Dear OUEDRAOGO and colleagues,
I like so much the topic under discussion. Let's consider a scenario. Imagine the left hand is conflicting with the right hand. Or, one hand is duplicating what the other hand is doing. Outcome: the whole body would suffer. If this were to happen in development interventions, and indeed it is unfortunately happening, it is counterproductive and self-defeating.
Thanks Serdar for sharing your reflection which, when followed, has proven effective in addressing development duplicates, waste of resources and negative effects on the lives and livelihoods of communities.
I would like to share my two cents:
Creating and working in technical or thematic working groups for review and supporting one another. I have found this effective. For example, I encourage development partners to plan and conduct a multi-stakeholder, multi-projects evaluation in a community rather than each doing it on their own. When done in silos, this requires more time, extra resources from all stakeholders including community members. When done by multiple stakeholders, it saves resources for both. It adds credibility and sense of ownership and belonging among all actors. It becomes easier to advocate for the use of jointly-generated evaluation results. It informs coordinated programming and improved development outcomes. Here comes in accountability to raise awareness not only among development actors but also among communities. Anyone involved in misaligning and therefore misusing limited resources should be held onto accounts.
Exchange and sharing platforms for learning and dissemination of results/evidence (slightly an extension of the above point): In this media-focused era, no single development actor would like to lag behind. Each wants to be at the high table to showcase what they are doing (this seems natural and okay to me when done with integrity). By being invited to a sharing forum by x partner, y partner can be encouraged to do the same in the future. Some development actors wrongly think that by holding information to themselves, they will have competitive advantage over others. There is lots of evidence that development organizations that are open and sharing lessons benefit more, and eventually become the powerful source of evidence about what works or about how to redress what does not work. They thus attract opportunities for funding and partnerships.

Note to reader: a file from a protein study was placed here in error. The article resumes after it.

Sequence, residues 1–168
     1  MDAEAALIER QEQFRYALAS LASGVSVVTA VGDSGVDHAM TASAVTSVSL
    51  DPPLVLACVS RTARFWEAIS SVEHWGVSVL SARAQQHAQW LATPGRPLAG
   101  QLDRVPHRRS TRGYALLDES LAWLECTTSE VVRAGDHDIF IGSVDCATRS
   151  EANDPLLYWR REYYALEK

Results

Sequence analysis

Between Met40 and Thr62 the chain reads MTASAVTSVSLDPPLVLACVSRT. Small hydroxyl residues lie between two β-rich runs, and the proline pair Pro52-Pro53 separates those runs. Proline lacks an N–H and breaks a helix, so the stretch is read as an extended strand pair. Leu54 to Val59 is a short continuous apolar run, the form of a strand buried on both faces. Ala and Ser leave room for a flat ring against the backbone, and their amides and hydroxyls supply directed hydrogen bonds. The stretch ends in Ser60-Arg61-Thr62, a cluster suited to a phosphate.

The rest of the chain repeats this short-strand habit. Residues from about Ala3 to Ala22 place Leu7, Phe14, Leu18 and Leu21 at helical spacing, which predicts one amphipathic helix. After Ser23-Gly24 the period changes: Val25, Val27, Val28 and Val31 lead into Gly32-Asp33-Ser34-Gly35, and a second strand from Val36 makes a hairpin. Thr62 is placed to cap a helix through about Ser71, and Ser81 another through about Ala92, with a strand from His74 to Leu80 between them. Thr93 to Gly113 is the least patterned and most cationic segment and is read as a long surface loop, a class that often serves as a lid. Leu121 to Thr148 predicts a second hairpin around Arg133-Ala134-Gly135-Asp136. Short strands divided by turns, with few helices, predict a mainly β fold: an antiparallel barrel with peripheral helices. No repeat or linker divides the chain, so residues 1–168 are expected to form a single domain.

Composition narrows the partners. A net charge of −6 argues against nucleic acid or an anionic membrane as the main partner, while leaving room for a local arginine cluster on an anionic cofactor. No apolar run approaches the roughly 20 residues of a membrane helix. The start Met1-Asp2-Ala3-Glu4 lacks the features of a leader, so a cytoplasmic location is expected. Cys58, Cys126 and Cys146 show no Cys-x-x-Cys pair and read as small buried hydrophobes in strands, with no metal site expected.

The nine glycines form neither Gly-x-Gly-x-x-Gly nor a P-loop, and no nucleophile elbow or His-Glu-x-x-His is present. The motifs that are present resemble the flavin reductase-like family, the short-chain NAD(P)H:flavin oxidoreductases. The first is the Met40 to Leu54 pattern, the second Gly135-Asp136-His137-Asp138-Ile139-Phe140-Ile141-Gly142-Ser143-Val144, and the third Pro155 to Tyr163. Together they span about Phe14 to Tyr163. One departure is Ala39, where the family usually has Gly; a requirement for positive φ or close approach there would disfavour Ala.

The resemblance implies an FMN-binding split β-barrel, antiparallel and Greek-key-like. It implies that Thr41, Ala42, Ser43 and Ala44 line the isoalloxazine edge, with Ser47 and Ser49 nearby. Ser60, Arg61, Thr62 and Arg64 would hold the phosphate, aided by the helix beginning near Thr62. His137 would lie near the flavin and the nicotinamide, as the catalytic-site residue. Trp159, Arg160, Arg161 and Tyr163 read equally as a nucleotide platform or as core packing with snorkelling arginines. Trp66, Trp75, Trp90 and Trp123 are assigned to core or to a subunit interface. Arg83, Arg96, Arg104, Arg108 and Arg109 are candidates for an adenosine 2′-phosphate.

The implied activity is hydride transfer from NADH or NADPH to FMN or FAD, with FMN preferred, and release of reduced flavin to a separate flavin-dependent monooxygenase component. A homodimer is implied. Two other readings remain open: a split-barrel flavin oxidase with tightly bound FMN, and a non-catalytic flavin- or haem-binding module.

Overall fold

On a personal, possibly on a political note, I have seen these conflicting and duplicative development interventions somehow reflecting the lack of or limited leadership for sustainable development. Good governance can make a difference. It is common wisdom that most (if not all) development interventions are interconnected, interdependent, and enriching one another. Colleagues have clearly pointed it out. A very good lesson is this covid-19 pandemic. It has proved difficult for social, educational, economic, agricultural interventions, etc. to strive for results when health is under threat. I guess, no single development sector or actor can navigate the current development landscape alone and expect sustainable results. The same applies within the same sector.
In addition to the development forums and guidelines mentioned by colleagues, I believe community participation in the design and monitoring of projects through accountability practices can contribute to eventually addressing this serious challenge.
Stay safe and well in these crazy times!
With kind regards to all,
The African Capacity Building Foundation